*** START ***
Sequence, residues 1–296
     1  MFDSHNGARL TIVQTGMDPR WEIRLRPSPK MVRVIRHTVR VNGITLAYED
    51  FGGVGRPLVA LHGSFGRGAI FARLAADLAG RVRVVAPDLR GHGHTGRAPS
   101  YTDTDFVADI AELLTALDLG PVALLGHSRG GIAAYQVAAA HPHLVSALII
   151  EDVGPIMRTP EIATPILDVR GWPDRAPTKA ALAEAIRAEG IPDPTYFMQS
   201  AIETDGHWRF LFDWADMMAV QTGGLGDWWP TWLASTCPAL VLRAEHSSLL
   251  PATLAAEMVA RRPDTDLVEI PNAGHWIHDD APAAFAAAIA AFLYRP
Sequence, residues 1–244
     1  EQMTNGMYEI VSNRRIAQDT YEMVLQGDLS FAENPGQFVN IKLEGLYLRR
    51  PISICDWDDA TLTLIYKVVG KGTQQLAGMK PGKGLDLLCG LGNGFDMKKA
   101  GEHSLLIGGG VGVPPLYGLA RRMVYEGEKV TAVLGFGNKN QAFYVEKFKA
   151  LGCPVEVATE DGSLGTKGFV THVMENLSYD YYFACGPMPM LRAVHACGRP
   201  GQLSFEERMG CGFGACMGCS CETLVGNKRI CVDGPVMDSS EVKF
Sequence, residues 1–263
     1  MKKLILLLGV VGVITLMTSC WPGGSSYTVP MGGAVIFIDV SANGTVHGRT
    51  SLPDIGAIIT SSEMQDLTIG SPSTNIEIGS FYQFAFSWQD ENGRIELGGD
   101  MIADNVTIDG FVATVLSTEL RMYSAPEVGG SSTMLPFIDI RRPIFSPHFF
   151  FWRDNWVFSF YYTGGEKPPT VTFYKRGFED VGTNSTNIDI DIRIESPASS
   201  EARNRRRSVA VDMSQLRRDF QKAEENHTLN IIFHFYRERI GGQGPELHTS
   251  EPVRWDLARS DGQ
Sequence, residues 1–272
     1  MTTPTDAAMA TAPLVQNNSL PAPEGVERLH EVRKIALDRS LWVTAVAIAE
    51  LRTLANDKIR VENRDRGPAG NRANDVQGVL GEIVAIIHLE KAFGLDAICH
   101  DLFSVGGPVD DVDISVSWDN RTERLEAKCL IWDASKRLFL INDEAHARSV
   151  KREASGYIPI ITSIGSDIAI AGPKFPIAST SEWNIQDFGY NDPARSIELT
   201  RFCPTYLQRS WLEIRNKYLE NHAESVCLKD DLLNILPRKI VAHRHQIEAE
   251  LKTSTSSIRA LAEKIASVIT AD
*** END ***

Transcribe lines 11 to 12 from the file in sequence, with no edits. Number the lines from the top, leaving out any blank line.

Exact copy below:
   101  GEHSLLIGGG VGVPPLYGLA RRMVYEGEKV TAVLGFGNKN QAFYVEKFKA
   151  LGCPVEVATE DGSLGTKGFV THVMENLSYD YYFACGPMPM LRAVHACGRP